On my daughters bed - it's a present for her 8th birthday that I'm hoping will be well loved and used.



this gives you an idea on my queen size bed how big it is...and I think maybe it looks good on my bed too

So there we have it! It's my 4th blanket in less than a year but this is by far the largest.  My aunt has already put her hand up to make her one which I've been itching to start, but I just couldn't start it before this one was finished.  It's going to be a different one altogether, not a granny square or stitch insight so I might be doing some super fast learning!  Thank goodness for youtube.....


Ciao, Jan x

Sunday, 15 March 2015

The family tomato chutney...I could be killed for giving out this recipe

I originally posted this recipe on 17/11/13 but thought with so much tomato action going on it might be worth re-posting it for you :D

If I go missing over the next few days, you might want to send a search party out as what I'm about to do might ruffle some family feathers!  But, I have the permission of the grand master, Mama herself, so it with her blessing that I give you our treasured tomato chutney recipe.
I don't think she realises the potential consequences but I'm a giver so I'm rolling with it.  Mama is hanging up her apron for making this chutney, well so she said.  She did say that last year and the year before that but she still gets tempted late summer as the last of the tomatoes are needing using up.  I've been making it with her for about 5 years now, and this time I did it all flying solo.  So here is the recipe, but be warned there are many notes and tips!! Like when I shared mama's scones last month.  This recipe is really best when the tomatoes are lovely and ripe, full of juice.  We don't normally make it this early as the season isn't in full swing, but I got my hands on some tomatoes that fit the bill and I also wanted to give some for christmas gifts to friends and family.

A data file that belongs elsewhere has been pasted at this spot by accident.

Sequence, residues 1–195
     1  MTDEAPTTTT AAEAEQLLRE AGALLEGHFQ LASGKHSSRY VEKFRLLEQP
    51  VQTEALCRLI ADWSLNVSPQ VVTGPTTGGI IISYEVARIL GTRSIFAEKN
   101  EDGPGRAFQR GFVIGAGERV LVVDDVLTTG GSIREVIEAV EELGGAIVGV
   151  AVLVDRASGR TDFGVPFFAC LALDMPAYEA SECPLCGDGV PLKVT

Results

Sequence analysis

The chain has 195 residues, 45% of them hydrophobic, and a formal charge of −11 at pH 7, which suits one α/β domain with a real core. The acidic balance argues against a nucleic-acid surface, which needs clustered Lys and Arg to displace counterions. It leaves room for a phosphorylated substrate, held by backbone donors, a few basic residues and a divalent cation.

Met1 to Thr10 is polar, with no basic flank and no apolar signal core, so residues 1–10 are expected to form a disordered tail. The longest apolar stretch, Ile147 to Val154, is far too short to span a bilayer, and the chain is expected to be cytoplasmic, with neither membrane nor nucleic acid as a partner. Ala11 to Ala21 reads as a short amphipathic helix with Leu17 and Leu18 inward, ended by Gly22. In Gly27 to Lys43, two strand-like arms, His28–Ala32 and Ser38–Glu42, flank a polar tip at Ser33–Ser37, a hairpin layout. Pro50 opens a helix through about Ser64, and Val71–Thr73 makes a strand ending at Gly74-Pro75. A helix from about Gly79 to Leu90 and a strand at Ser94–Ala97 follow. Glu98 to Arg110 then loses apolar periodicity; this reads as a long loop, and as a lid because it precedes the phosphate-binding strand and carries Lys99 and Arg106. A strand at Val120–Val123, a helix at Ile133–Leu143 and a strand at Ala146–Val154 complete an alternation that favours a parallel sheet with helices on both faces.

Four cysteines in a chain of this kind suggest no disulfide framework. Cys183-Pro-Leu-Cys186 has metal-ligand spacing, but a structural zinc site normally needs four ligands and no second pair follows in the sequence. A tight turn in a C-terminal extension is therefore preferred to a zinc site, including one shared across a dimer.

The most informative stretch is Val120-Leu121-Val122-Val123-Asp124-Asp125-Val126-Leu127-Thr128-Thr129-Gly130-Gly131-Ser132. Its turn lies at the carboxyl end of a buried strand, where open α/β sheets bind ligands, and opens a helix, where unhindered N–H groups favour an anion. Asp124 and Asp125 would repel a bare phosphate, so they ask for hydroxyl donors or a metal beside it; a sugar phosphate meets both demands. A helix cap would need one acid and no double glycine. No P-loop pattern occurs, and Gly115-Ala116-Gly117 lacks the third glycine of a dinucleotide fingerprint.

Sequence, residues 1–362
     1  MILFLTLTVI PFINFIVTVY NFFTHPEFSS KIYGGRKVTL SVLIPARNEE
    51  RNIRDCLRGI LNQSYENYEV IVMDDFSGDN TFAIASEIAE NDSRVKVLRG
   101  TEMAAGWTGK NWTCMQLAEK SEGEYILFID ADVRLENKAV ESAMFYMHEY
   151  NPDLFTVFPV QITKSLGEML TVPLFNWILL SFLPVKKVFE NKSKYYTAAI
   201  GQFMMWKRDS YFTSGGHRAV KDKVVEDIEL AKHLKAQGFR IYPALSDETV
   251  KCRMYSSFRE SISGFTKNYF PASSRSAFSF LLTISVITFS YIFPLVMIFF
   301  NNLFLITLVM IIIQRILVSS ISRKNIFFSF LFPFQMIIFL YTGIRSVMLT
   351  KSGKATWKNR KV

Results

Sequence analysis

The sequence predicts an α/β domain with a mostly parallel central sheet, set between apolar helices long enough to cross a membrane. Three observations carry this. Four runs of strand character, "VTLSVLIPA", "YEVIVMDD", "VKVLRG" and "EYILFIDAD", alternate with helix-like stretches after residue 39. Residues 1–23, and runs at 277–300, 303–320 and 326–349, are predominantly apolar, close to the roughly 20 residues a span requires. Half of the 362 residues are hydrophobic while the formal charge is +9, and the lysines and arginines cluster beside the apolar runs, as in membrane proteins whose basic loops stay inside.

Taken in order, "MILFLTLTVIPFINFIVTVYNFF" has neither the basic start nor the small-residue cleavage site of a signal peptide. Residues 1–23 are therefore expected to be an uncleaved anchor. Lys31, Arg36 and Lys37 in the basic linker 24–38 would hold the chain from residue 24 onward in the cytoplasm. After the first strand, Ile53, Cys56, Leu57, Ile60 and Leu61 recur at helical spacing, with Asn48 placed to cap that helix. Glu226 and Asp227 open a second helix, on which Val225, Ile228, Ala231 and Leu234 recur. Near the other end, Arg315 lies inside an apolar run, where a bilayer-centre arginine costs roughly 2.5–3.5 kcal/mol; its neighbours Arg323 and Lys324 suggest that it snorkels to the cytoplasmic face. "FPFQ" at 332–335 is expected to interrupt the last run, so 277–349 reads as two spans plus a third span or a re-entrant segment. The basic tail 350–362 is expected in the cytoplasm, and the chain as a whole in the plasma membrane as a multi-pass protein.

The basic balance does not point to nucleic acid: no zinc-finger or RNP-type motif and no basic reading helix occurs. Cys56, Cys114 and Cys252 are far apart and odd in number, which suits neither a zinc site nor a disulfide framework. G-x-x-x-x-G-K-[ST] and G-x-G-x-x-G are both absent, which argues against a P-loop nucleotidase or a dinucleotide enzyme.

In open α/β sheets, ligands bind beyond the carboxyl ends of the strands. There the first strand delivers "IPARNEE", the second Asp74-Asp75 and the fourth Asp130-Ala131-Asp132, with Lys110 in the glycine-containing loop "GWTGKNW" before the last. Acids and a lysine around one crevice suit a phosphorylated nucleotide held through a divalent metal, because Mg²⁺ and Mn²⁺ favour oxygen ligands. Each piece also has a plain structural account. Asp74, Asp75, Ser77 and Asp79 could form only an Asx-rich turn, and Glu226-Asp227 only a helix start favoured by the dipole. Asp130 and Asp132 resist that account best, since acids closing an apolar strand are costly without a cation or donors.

Tomato Chutney
4kgs ripe tomatoes
1 1/2kgs onions, peeled and chopped roughly
4 granny smith apples, peeled, quartered and cored
4 cloves of garlic
1.25kgs of sugar (I know....)
180ml ezy-sauce*
3 tbspn salt
1 dspn dry mustard powder, we use keens
1 dspn dry curry powder, we use keens
3 tbspn cornflour
optional extra: when making this in the middle of summer, I have added a zucchini and capsicum or two if I have them in abundance.  You just blitz them with the onions and apples.

There are two schools of thought, the first is Mamas, and that is that the quantities for the tomatoes, onions and apples above are brought and peeled, skinned, cored and the like and then made.  I actually took the time to weigh what was taken off, like the onion peels, and the difference in weight was nearly 700g of skin.  So, I brough 5kgs of tomatoes, 5 granny smith apples and 2kgs of onions and used 20ml more ezy sauce and a bit more of the powders, say 1/2 a tspn more of each. You also will need to taste it at the end for salt and pepper.  It is better to taste it when cold, so put a spoon or two into the fridge and then taste it.